Common practice has been to suppress fevers with a febrifuge such as paracetamol (acetaminophen) or ibuprofen. This is because common medical practice believed until recently, that the fever was the illness and by suppressing the fever we were helping the patient heal. This is not in fact the case.
The fever process works like this: the child develops an infection, to which the body responds by making additional leukocytes (white blood cells). These cells fight the infection by destroying the bacteria and viruses then removing the dead tissue. The activity level of the white cells is also increased as they move rapidly to the site of the infection. This is called leucotaxis, and it is activated by the release of pyrogens which raise the body temperature. As the fever progresses the metabolic rate and oxygen consumption increases. The key here is that the raise in temperature is what stimulates the leucocytes to respond. An increase in body temperature simply means that the process of healing is speeding up.
Also, iron, which bacteria need to survive, is removed from the blood and stored in the liver. This reduces the rate at which the bacteria multiply. As this whole process progresses, a substance called interferon becomes more effective and aids in the fight of the infection. Because a fever is regulated by the body, it rarely, if ever, reaches a level that would be hazardous to the child.
People worry about fevers because we believe that fevers can cause brain damage, again this is very rarely the case. Fevers of a temperature high enough to cause damage in human cells (41.5 C+) are rare and are usually caused by poisoning, heatstroke or brain damage (specifically to the hypothalamus) even very high temperatures up to 39-40 degrees Celsius will not harm your child in and of themselves. Obviously if the fever is a result of a serious illness then the illness might be doing damage but the fever is actually fighting the illness and by suppressing it you allow the illness to take an upper hand. A correctly functioning hypothalamus will not allow the body to reach dangerous temperatures when a normal illness is present.
Another concern is the incidence of febrile convulsions. Febrile convulsions are scary and can leave parents feeling scared and helpless as their children seize. Febrile convulsions occur in children who are predisposed to them and are not specifically a result of a high temperature but instead occur when there is a rapid increase or decrease in temperature. Again febrile convulsions are really unpleasant to witness but in themselves do no harm, the usually only affect 3-4% of the population and cease occurring at approximately 3yrs of age.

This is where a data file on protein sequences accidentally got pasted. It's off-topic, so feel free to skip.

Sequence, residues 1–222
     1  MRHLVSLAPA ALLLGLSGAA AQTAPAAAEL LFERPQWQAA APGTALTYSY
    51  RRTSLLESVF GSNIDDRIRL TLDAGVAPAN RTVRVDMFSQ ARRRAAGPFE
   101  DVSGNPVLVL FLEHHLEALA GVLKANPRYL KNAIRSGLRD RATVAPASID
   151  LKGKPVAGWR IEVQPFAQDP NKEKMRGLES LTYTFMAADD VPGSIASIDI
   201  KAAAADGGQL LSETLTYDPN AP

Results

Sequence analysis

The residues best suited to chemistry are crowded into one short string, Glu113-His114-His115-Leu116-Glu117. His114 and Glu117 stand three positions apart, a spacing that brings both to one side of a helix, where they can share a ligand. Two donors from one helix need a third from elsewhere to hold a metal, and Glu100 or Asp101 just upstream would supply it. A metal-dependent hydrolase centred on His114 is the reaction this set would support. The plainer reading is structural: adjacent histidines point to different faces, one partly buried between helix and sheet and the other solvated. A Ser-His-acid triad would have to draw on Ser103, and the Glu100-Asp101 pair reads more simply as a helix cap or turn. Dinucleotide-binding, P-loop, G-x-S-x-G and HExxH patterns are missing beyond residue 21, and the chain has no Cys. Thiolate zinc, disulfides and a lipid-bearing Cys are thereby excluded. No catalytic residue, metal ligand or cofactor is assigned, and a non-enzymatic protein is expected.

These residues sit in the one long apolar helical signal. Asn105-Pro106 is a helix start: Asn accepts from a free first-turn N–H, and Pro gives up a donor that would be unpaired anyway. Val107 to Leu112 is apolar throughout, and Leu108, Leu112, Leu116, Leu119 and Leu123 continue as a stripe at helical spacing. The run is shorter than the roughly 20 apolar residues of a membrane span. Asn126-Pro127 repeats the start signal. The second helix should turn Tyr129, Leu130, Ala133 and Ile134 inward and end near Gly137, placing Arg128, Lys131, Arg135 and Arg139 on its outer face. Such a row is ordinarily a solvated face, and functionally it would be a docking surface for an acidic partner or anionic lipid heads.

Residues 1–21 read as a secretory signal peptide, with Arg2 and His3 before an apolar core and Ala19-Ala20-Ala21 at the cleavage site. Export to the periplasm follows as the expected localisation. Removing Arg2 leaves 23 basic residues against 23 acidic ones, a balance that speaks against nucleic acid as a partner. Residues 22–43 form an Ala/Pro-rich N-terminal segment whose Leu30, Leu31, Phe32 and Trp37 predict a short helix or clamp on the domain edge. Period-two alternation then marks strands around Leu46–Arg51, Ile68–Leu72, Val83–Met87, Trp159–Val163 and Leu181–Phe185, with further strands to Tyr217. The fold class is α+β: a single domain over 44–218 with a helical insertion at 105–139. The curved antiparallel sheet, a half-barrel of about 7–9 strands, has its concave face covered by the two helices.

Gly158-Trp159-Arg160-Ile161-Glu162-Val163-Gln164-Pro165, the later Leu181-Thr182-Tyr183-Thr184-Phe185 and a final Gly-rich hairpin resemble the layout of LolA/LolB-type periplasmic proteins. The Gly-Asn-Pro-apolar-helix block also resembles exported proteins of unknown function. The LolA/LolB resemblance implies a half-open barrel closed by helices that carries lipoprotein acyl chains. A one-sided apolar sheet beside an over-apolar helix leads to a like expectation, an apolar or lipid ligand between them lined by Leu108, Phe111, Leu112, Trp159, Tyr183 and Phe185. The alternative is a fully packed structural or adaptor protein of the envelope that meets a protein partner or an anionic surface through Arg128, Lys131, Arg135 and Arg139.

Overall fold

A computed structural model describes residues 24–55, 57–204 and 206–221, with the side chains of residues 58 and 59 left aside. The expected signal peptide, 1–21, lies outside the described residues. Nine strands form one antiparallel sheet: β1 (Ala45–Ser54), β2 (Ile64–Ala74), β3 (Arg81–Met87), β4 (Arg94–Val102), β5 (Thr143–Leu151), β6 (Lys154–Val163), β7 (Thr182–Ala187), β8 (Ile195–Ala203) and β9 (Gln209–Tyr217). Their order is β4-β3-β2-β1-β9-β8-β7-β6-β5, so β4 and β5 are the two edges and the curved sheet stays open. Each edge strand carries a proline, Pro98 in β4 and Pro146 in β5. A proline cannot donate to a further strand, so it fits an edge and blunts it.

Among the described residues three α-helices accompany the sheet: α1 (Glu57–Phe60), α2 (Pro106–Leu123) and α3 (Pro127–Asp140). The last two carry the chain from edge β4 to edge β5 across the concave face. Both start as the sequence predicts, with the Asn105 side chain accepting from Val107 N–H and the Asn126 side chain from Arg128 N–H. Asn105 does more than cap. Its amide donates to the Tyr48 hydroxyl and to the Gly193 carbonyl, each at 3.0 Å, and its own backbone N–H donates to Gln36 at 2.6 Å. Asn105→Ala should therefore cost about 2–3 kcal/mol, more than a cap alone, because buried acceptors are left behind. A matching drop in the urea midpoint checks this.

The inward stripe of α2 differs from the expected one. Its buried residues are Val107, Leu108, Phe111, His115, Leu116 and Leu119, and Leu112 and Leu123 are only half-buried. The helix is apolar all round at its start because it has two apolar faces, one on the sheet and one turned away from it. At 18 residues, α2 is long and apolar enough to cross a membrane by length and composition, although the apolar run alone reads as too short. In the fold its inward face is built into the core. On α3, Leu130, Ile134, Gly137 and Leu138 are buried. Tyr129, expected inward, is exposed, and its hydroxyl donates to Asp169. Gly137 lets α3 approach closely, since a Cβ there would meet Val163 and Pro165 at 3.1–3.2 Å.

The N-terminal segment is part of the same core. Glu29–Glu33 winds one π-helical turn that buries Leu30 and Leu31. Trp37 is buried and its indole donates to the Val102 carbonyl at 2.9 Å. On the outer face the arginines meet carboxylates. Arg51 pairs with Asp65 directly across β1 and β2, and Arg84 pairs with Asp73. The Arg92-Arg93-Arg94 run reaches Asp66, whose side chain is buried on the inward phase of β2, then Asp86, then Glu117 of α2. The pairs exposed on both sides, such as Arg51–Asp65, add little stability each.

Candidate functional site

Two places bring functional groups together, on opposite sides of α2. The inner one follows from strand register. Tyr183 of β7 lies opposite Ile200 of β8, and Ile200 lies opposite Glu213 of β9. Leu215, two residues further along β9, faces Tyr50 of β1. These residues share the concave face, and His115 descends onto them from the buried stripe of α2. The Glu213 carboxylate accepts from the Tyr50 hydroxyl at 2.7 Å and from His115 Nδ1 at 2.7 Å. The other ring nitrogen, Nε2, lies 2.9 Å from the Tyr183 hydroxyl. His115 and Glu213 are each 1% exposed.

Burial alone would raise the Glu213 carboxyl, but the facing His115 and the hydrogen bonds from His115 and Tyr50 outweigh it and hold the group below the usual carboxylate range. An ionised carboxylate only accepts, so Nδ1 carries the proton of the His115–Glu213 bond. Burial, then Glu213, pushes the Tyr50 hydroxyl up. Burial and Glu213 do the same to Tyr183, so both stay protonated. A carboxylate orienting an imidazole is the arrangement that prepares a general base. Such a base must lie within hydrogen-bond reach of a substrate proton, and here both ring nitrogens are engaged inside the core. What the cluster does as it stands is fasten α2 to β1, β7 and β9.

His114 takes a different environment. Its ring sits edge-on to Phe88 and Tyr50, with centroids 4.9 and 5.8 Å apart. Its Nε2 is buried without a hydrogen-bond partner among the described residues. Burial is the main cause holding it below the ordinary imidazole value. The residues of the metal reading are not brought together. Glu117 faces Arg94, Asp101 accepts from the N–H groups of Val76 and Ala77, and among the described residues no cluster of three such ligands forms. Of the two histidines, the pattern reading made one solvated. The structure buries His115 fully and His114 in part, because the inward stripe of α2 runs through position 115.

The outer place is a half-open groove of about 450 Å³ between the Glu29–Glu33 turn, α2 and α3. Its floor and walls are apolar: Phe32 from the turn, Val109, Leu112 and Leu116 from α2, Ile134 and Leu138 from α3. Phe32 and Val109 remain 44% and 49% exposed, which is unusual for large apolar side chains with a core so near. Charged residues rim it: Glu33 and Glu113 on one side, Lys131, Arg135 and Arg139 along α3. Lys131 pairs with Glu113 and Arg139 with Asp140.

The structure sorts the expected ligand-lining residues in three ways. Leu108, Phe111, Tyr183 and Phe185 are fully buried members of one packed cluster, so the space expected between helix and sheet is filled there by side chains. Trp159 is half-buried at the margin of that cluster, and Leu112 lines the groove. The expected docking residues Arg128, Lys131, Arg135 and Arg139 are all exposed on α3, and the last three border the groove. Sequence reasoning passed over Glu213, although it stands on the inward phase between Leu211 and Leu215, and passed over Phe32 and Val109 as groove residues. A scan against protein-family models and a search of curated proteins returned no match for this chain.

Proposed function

Personally I only offer paracetamol or ibuprofen if the fever is interfering with sleep as sleep is an important part of healing. Using a febrifuge may make your children feel more comfortable but it slows and suppresses the immune system. I would only consider emergency treatment if my boys had been exposed to poison or showed no signs of improving after 3 days of relentless temperatures - also young babies 0-3 weeks old should be checked out if they present with a fever.
The most important thing is to watch your baby. If they are limp, floppy and appear seriously ill then get them checked out. If they are chipper or alert or even just tired and cuddly then they are probably fine.
So how do we treat a fever if we don’t use febrifuges? The key is to keep your child hydrated, allow plenty of skin to skin time and warm baths can help. NOT cool baths or cold sponging as they can trick the hypothalamus into maintaining a higher fever. Remember the body WANTS to have a fever - it's the failsafe protective system. Unnaturally chilling your child will make them heat up faster afterwards as a response and can be really unpleasant. A cold bath is not a nice experience.
One of the most important things when managing a fever and illness is to manage hydration, especially if your child has had diarrhoea or vomiting. A poorly hydrated child will decline quickly and can become seriously ill. To monitor hydration you can perform a number of assessments very easily to measure how the fluids are going. The first is how your child is looking in themselves. A tired, listless child with rapid breathing, cold extremities, sunken eyes and a weak pulse is a warning sign that hydration is inadequate. A general lack of tears, mouth moisture and urine can indicate serious dehydration and you should get to a Doctor as soon as possible. With babies a sunken fontanelle is an indication of dehydration.
To test for hydration you can do the pinch test or the nail bed test. The pinch test assesses the skins turgor and is done by pinching the skin on the hand or arm and seeing how long the skin takes to return to its original position. It should spring back quickly but if it is slow to return taking up to 2 seconds then your child is moderately dehydrated. Longer than 2 seconds can mean a serious dehydration.
The nail bed test follows a similar principle but is simply pressing on the nail bed and measuring how long the capillary refill takes. This is when you press the fingernail until it is white and then watch as the pinkness returns, again, anything longer than 2 seconds is serious and may need immediate treatment.
You can keep your child hydrated by monitoring their intake, offering small sips of liquid and often and nursing on demand. Dr Momma has a great guide to nursing through an attack of the vomits here, as well as a recipe for oral hydration fluid.
Fever management is a really good skill to have with young kids, and while it has its place, reaching for the paracetamol or ibuprofen should not be your first port of call.